Serving the campus of the University of Alabama since 1894

The Crimson White

Serving the campus of the University of Alabama since 1894

The Crimson White

Serving the campus of the University of Alabama since 1894

The Crimson White

Side effects may include sickness

I was watching TV the other day when a commercial discussing a recently released asthma medication lit up the screen. It showed a wide-open field with people basking in the glow of a radiant sun, enjoying the breathable, fresh air.

Though I was doing homework at the time, my full attention was quickly grabbed by the side effects listed at the end of the ad. Among those listed, the most intriguing was “may cause shortness of breath.”

So now, a person suffering from asthma can safely take a substance that will treat

his breathing problems with potentially problematic breathing.

Well, that helps.

As an asthmatic myself, I found the commercial slightly shocking and amusing at the same time. I understand the pain and frustration of airway constriction and find it hard to believe that any other person with the condition would purposefully want more difficulties.

After hearing that minor crusade against free breathing, I decided to pay closer attention to the negative symptoms of other medical products presented in television advertisements. If you can believe it, I tried to disregard all of the medications whose side effects were simply worse than the ailment supposedly being treated in the first place.

In my search, I found an acne cream that may cause redness and irritation, a PMS pill that may cause moderate to severe cramping and depression meds that may increase suicidal thoughts.

Can you say “What the hell?”

Contemplating the moral and ethical issues of such ads — thank you, Philosophy 101 — I remembered a scene from the 2001 comedy, “Joe Somebody.” An unhappy AV specialist working for a large pharmaceutical company, Joe sullenly walks through his house while one of his commercials for a new drug audibly murmurs in the background.

In the commercial, the announcer says, “Possible side effects may include: depression, general discomfort, headaches, blurred or distorted vision, loss of balance, dry mouth, numbness, periodontal disease, lock jaw, tremors, heart palpitations, varicose veins, liver damage, kidney failure, loss of taste, loss of smell, loss of sight, early Alzheimer’s, cardiac arrest, and in extremely rare cases … death … Volomin. Making you better than you really are.”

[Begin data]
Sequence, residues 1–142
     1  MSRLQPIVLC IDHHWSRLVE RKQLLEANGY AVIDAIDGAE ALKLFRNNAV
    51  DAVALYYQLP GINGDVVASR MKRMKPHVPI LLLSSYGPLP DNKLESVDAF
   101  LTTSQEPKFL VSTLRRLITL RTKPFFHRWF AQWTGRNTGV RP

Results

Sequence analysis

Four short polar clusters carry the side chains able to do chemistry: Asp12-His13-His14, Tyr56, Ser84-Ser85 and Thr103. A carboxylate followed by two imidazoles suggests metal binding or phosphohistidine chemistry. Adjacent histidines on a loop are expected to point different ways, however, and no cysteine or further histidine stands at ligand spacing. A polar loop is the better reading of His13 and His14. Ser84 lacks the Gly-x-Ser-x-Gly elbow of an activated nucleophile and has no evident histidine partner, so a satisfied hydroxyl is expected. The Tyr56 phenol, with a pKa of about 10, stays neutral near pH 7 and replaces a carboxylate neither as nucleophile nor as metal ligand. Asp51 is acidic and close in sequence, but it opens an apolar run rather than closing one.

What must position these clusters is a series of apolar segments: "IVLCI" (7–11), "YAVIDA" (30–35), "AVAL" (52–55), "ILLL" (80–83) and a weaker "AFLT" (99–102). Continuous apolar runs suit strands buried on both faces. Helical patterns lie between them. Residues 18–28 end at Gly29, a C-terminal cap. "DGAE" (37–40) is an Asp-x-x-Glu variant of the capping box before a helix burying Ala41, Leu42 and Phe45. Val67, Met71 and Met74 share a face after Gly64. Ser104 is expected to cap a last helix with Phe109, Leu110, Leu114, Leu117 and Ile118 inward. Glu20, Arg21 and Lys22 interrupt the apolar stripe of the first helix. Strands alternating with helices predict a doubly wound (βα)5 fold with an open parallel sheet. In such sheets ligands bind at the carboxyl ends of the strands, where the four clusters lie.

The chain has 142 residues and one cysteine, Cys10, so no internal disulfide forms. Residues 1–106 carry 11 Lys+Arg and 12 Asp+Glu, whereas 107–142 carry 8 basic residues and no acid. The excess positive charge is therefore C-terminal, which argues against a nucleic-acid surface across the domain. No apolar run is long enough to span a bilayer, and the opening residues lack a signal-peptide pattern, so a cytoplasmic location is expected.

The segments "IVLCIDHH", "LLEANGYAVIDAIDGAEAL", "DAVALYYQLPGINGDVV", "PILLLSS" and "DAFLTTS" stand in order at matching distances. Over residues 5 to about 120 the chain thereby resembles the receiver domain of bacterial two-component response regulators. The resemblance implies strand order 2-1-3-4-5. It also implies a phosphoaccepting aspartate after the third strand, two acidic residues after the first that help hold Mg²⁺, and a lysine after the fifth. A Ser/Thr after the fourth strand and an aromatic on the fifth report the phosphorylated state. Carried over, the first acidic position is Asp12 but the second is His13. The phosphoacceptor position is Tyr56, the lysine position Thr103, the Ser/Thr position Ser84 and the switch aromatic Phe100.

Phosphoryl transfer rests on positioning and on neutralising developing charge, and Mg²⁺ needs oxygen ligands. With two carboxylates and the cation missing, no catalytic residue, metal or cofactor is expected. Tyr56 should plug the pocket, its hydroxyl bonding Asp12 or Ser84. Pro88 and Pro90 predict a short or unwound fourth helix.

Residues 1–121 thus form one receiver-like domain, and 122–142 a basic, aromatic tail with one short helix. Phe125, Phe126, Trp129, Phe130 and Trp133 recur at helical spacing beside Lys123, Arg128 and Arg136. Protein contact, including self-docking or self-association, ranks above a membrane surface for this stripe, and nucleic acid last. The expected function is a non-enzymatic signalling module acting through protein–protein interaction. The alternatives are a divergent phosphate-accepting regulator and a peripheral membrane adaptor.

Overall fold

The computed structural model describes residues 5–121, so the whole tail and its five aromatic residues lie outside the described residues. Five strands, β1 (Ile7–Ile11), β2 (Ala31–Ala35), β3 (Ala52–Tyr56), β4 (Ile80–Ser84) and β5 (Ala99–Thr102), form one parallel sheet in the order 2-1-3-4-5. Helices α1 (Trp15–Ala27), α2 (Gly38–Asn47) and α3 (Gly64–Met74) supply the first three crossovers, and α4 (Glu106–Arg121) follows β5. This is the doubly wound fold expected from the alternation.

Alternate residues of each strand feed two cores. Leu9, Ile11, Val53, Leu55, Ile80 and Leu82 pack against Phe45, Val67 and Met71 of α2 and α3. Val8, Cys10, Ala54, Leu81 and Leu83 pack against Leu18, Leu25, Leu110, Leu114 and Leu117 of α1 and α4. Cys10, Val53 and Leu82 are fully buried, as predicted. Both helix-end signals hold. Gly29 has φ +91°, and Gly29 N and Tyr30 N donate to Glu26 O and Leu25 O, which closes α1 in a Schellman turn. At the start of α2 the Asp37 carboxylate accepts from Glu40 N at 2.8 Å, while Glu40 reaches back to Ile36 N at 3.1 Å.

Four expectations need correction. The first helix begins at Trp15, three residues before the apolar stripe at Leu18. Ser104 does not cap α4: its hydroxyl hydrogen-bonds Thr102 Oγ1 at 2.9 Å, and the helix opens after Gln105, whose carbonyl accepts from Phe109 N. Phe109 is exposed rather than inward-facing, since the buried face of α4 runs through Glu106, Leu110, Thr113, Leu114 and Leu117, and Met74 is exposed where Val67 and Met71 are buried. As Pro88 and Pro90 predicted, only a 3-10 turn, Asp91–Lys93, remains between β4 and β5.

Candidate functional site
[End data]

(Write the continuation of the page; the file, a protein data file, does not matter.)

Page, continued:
The advertisement, though exaggerated for comedic effect, does show a bit of reality.

I’ll be the first to admit that going to see the doctor is not a favorite activity. I dread those occasional visits to the ominous, egg-colored facility filled with confusing charts, sharp needles and cold-handed nurses.

But I’m also not one to deny the benefits of prescription medications … the ones that work, anyway.

The bottom line is, although I find medical practitioners somewhat terrifying, I get why they’re important. I get why their extensive knowledge is helpful when it comes to the public’s health.

What I don’t get is how those doctors and scientists, with all their knowledge and experience, can allow people to take drugs seemingly working against the greater good. It almost seems as though these “may cause” side effects are used to keep people sick, needing more medical attention and prescriptions.

The patient, as well as the doctor, should be held accountable for any medicinal shortcomings within their prescribed regiment. People responsible enough to be in control of their own well-being should consider any larger scale, long-term results before mindlessly popping a quick-fix pill.

Not having personally taken any of the above medications, I’m probably missing the positive outcomes of those meds still on the market. However, from the outside looking in, I fail to see how solving a problem with other and/or bigger problems is very effective.

Ungrateful as it may be and with respect to the researchers trying to make a difference, if that’s the best there is, I think I’ll take my chances with what nature “may cause.”

Debra Flax is a junior majoring in journalism. Her column runs weekly on Thursdays.

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